CTA’s Education Department gets maximum budget of 559 million rupees

Minister of Education of Central Tibetan Administration, Pema Yangchen, speaks in the Tibetan Parliament-in-exile in Dharamshala, India, on 28 March 2019.

Minister of Education of Central Tibetan Administration, Pema Yangchen, speaks in the Tibetan Parliament-in-exile in Dharamshala, India, on 28 March 2019. Tibet Sun/Lobsang Wangyal

By Lobsang Wangyal

McLEOD GANJ, India, 31 March 2019

From the total budget of 2.5 billion rupees approved for the financial year 2019-20 for CTA’s spending by the Tibetan Parliament-in-exile, 559 million rupees has been allocated for the education sector. This forms the highest amount, corresponding to 22% of the budget.

The Department of Education has got 262 million, and Sambhota Tibetan Schools Society a sum of 297 million rupees.

There are 68 Tibetan schools in India and Nepal educating 19,000 students (2018 data). Of the total, 30 schools are under the Department of Education, administered through Sambhota Tibetan Schools Society. Central Tibetan Schools Administration (CTSA) funded by the Government of India has six schools. Tibetan Children’s Village (TCV) runs 16 schools, Tibetan Homes Foundation three, Snow Lion Foundation Schools in Nepal has nine schools, and there are four privately-run Tibetan schools.

Since the Government of India’s approval to transfer CTSA schools to CTA in 2013, all except six schools have been handed over to and are being run by CTA. The decision of the transfer of the remaining six will be taken in 2021. These six are: CST Mussoorie, CST Dalhousie, CST Shimla, CST Kalimpong, CST Darjeeling, and CST Herbertpur.

The schools run under CTA having shown better results in the All-India Secondary and Senior Secondary (class X and XII) examinations, CTSA has been requested to transfer their schools to be run by CTA.

CST Mussoorie is the oldest and the largest Tibetan school, founded after the Dalai Lama came into exile. Tibet Sun has learned that this school has only 50 Tibetan students today. CST Shimla has less than 50, and CST Dalhousie has only 15 Tibetan students. Student numbers have been shrinking in the rest of the schools as well.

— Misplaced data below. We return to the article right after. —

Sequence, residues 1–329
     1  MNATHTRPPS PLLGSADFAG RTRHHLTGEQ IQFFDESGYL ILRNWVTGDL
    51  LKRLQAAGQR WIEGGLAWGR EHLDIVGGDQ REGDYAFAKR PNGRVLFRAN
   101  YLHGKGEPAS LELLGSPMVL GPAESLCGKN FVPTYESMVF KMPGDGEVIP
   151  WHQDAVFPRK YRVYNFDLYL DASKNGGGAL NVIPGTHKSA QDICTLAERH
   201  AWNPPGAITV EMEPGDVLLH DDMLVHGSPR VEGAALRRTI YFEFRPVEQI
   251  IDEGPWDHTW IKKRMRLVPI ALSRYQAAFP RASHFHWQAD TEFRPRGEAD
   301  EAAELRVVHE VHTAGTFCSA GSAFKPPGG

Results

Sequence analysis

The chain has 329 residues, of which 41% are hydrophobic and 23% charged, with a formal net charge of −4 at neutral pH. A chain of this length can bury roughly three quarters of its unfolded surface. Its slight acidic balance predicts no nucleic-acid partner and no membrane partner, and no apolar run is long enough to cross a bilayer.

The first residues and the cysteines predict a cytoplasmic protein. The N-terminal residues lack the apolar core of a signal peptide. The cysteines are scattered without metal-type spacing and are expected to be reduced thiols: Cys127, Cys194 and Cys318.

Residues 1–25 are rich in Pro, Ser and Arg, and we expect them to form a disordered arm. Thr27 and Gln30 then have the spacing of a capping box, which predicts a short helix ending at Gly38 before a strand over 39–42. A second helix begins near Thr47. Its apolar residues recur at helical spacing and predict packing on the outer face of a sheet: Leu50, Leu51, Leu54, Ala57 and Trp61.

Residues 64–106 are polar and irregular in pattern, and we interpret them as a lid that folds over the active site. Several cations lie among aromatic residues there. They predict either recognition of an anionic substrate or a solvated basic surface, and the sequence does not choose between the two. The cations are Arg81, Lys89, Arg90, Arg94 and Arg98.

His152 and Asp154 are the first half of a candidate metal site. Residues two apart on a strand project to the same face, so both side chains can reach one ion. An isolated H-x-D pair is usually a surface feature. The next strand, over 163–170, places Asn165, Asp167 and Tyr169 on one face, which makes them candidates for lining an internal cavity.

A lower birth rate, emigration of Tibetans to the West, and much lower numbers of new arrivals from Tibet over the years are said to be the reasons for shrinking number of Tibetan children in India and Nepal, Secretary of Department of Education Karma Singey told Tibet Sun.

“We are now working on closing some of the schools, as the number has been significantly reduced in Tibetan schools in India,” Singey said.

As the the number of Tibetan children are now increasing in countries like the US, Canada, Australia, and European countries, Singey said that his department is taking up offers to help support the Tibetan culture and language schools organised by Tibetan associations in those countries.

“We have been providing workshops on Tibetan language, and also cultural teachers, who teach at the weekend schools in various countries, to help them get better skills. Right now we are working on a meeting of all the community leaders and teachers to discuss how to raise the standard of learning at these weekend schools. The meeting will be held in New York City in August.”

Other ways to have Tibetan language taught to Tibetan children, Singey said, would be to request classes of the school administrations that have a large number of Tibetan students. He said that Tibetans in Sydney have requested a school there to provide Tibetan language classes in the school. “It will be good if this happens,” Singey said.

He added that similar requests could be made by Tibetans living in Toronto. “There are many Tibetan students going to Queen Victoria Public School in Parkdale. A similar request for teaching Tibetan language could be made in this school.”

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